Shimano is bringing its electronically-actuated Di2 shifter technology to mountain bikes, claiming increased reliability, faster shift speeds and improved man-machine interface. Can it really make riding a bicycle easier? We spent a day on the trail to find out.
Let’s rewind for a second. Traditional bicycle shifters use cable-actuated derailleurs to move the chain between gears. There’s the chainring at the front, typically with one to three rings, and the cassette on the rear wheel, with eight or more.
Derailleurs guide the position of the chain in relation to these gears. A spring forces the derailleur to one side and cable tension to the other. The other end of that cable is connected to a shifter mounted on the handlebar. So, by using that shifter, you’re either allowing the spring to move the derailleur a bit or pulling against that spring using the cable tension.
Cable tension is achieved by mounting that cable inside a rigid housing. To fit a shifter cable correctly, you have to achieve the correct length for both the cable and housing (separate lengths) and then route them along the bicycle frame in such a way that they don’t bend too tightly and don’t become bound as the suspension moves up and down. Downshifts are easy, as the spring tension handles those with just a touch of your thumb on the lever, but upshifts require you to push against that spring for the correct duration of time, allowing the chain adequate time to find its new home.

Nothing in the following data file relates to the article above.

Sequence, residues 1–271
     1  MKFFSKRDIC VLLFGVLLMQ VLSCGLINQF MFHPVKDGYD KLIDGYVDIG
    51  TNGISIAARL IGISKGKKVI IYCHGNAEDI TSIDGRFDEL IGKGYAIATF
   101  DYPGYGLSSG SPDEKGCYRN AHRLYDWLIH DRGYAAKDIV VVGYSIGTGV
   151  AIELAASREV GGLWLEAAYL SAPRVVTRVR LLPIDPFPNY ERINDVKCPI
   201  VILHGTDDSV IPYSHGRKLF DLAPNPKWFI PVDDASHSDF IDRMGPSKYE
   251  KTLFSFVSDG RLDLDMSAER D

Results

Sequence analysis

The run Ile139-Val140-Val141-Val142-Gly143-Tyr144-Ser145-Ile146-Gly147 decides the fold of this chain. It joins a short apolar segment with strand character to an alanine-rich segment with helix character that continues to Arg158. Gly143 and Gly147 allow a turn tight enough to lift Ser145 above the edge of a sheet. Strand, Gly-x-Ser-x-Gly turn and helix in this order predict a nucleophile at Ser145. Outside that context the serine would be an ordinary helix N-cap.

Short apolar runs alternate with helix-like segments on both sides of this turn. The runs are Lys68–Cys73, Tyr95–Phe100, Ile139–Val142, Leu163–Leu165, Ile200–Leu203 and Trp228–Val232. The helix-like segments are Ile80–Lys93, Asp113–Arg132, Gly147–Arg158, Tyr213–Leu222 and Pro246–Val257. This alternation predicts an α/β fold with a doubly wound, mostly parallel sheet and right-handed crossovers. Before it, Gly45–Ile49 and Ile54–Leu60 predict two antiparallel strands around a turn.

In short, Shimano’s electronic system swaps those cables for wires. So, when you push a shift button, you’re entering a command into a computer rather than performing a mechanical actuation. Electric motors on the derailleurs then relocate the chain.
Simple concept, right? Well it gets a lot more complicated as Shimano works to achieve the complete and systematic benefits the technology brings.
“Better shifting, better ergonomics, better control,” lists Shimano’s MTB product manager Matt Robertson, of Di2’s benefits. Shimano’s combined its electronic shifting technology with its highest end component group — XTR. So this isn’t just a case of amending electronic shifting to existing components, it’s rethinking their flagship product range to fully benefit from this new technology.
In eliminating the need for cable tension, a packaging problem is solved; routing no longer requires finding the gentlest curves or the straightest paths. Wires can simply be taped to brake lines, move inside the frame or follow the complex shapes of chain stays or any other bike part.
That helps move the wires out of the way, increasing their ability to survive crashes and hard riding and also eliminates the effect of dirt, mud and other foreign objects making their way inside cable housings.